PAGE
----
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In Photoshop Lightroom 3 Essential Training, author Chris Orwig provides a comprehensive look at Adobe Photoshop Lightroom 3, the popular photo-asset management, enhancement, and publishing program. The course covers indispensable techniques such as importing, processing, and organizing images in the Library, correcting and adjusting images in the Develop module, and creating slideshows, web galleries, and print picture packages. In addition to exploring all of Lightroom 3's capabilities, this course is rich with creative tips and expert advice on photographic workflow. Exercise files accompany the course.
In the grand scheme of things Lightroom is actually a pretty young application. It was only introduced just a handful of years ago, yet one of the reasons that Lightroom has gained so much popularity, that it is really starting to grow so immensely to the point where it simply dominates the postproduction context, is because of the Lightroom catalog. Now because of that it's worth asking the question, what is a Lightroom catalog? If you go ahead and take a look at your catalog, one of the things that you'll discover is they're simply two little files here and if we highlight these files, you'll notice that we have Previews and then also the Catalog file itself.
Both of these files together really make up our overall catalog and essentially this catalog is how Lightroom tracks the location of files and remembers information about them. It is a database. Now a lot of times when people hear this word database, they are like, oh no, like, that's kind of a scary word. They're not really sure what to think of it. But let's break this down for size. Basically what it means is it contains preview info, file location, metadata, whether descriptive or additive, develop module settings, ratings, keywords and collections.
Now essentially why have catalogs? Well, it gives you Flexibility in managing, identifying, and organizing photos and media files. Now at this particular juncture, you may be thinking that's still kind of abstract, and what I want to do is try and make this concept a little bit more concrete, by way of a comparison. Let's just pretend for a moment that you sell bikes and let's say that you have a handful of bikes that you need to sell. In order to organize and access these bikes, you could use a tool like the Adobe Bridge, and the Adobe Bridge works really well when you have a smaller volume of things.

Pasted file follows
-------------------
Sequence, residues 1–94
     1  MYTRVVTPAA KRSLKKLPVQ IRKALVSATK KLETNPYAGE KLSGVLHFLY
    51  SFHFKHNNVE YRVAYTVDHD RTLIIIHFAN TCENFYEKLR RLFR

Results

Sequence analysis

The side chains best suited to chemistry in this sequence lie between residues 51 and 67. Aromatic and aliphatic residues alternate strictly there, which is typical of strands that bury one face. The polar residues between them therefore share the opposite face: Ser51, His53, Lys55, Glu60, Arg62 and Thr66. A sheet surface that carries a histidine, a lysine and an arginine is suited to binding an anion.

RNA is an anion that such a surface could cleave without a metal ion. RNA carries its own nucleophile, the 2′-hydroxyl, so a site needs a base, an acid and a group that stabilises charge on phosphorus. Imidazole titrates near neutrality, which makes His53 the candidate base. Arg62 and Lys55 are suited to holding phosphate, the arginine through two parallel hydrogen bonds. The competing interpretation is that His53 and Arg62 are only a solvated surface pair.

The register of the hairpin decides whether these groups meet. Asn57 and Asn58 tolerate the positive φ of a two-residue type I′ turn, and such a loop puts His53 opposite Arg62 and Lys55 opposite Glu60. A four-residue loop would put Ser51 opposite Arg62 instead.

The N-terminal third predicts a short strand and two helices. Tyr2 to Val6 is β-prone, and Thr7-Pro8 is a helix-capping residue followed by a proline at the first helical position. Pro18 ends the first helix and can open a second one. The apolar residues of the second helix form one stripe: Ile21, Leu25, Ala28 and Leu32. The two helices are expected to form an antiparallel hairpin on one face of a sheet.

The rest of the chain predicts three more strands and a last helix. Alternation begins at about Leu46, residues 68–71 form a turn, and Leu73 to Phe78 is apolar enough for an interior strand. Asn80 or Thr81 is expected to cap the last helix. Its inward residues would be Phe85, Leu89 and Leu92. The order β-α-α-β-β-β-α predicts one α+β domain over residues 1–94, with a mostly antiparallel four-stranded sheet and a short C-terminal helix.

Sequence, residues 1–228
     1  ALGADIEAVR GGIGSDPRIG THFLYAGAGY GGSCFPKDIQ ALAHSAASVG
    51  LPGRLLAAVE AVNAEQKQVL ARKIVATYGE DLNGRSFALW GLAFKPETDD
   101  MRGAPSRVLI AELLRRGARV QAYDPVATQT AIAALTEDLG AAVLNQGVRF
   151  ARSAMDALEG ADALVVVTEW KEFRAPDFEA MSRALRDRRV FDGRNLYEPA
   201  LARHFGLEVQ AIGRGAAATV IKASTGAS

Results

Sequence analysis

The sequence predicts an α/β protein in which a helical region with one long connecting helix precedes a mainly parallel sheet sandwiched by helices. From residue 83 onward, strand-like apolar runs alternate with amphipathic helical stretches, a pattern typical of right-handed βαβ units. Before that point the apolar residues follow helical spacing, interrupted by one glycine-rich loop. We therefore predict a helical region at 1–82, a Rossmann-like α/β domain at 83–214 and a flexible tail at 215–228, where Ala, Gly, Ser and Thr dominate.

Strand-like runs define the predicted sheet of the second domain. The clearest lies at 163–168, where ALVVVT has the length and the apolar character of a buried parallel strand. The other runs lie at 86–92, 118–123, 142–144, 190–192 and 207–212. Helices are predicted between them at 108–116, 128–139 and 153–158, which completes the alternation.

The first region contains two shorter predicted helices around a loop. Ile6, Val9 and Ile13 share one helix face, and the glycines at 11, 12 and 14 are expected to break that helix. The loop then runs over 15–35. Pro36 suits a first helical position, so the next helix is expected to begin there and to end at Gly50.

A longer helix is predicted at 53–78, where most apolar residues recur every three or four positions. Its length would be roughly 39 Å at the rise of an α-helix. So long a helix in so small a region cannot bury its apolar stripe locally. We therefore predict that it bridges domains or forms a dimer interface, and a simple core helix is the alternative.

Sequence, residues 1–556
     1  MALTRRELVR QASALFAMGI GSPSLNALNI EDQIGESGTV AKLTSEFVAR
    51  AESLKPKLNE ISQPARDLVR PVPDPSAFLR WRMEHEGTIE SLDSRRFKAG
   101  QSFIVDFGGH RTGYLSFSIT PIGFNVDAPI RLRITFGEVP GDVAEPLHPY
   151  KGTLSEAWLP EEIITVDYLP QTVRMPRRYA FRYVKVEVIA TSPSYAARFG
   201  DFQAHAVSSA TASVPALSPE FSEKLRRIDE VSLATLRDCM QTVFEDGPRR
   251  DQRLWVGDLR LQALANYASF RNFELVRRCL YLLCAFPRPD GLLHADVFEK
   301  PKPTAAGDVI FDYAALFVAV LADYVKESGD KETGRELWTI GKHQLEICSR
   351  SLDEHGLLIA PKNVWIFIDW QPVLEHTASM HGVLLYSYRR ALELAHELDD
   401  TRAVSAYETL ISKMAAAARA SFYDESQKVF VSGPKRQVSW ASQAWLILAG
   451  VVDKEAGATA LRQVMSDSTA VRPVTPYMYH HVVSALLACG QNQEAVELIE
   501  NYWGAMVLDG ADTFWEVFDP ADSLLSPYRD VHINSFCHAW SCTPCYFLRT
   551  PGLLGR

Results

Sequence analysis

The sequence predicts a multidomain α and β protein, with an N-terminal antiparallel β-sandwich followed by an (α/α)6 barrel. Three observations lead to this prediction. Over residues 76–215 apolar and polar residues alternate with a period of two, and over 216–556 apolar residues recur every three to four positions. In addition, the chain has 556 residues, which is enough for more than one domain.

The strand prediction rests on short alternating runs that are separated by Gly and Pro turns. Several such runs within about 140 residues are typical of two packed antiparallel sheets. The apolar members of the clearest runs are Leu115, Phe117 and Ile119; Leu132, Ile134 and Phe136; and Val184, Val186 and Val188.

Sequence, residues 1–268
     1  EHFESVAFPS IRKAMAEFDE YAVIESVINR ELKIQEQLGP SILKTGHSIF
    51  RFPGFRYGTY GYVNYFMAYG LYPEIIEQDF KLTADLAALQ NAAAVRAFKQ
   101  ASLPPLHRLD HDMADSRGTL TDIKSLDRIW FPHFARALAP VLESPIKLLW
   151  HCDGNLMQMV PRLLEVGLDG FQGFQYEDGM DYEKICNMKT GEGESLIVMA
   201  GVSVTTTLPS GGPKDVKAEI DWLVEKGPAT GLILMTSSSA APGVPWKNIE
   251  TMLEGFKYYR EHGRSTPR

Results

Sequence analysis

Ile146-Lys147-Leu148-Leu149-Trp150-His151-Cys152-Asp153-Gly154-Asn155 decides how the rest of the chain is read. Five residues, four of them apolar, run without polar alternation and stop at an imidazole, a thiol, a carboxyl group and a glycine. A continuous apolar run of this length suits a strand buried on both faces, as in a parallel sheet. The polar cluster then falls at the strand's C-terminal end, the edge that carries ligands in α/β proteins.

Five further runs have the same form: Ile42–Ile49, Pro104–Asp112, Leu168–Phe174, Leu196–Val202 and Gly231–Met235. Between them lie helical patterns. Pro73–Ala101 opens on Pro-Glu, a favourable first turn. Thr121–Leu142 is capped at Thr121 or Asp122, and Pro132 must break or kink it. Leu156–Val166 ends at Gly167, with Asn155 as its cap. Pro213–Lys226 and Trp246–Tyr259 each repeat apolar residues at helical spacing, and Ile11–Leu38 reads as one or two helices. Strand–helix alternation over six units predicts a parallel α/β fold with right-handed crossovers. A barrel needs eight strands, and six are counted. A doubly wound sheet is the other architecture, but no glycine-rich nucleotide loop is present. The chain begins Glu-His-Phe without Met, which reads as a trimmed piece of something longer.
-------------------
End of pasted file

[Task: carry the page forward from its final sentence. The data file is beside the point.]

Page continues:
But let's say that all of a sudden business is booming. I mean you have so many bikes you can't keep track of them. You have a whole warehouse full of bikes. What are you going to do in situations like this? In these particular situations, Lightroom really comes to save the day and what Lightroom does is it analyzes everything, and it thinks, and it processes, and then it churns out a file that we can call a catalog, and essentially it's like a normal catalog and what this does is it organizes everything. It creates a little bit of order in midst the chaos.
And this particular catalog file here, it contains information about something else, about something tangible like a photograph. In other words, you could flip to page 22 and page 22 would tell you, yes, I have 10 bikes that are blue, five that are red in these particular sizes. So that if someone came to you and needed to buy a bike, rather than having to wander around the warehouse of all of these hard drives digging in different folders and different places, you have this guide, which organizes all that you have and it gives you the ability again to access these files really efficiently.
Now the catalog isn't just about efficiency, although that's really important. In other words, you can quickly see previews, you can quickly process files, you can quickly add metadata. Yes, all of those things are important, but it's not efficiency for efficiency's sake, rather it's a tool which helps us to be more efficient so that ultimately we can be more creative. All right. Well in summary, what is a catalog conceptually? Well, in Lightroom we have a Catalog file, also a Preview file, but let's just say conceptually this Catalog file and in that file, we have file name and information.
We have metadata that's descriptive like the file dimensions, the file type, when it was captured. We also have additive metadata, things that we've added like ratings or labels or flags, and we also have the all important preview so that we don't always have to re-render the preview. In other words, let's step back for a moment. Let's say that all of a sudden you lost this catalog and a client came in and said, "hey, I want to buy a bike." You would say, okay, well let's go wander around the warehouse, and it'll be really tricky and what you would have to do then is go in the warehouse and recreate the catalog every time you went back there, because it would be constantly changing.
You would constantly lose this document. Well, in Lightroom, you don't ever lose that document. It stays with you, and there is a way that it's built-in to back that up. So there's a certainty that you can always have access and that you can always easily process and work on your photographs. So why have a catalog? Well, not only does it help you to become more effective and efficient, ultimately it helps you create more compelling photographs.
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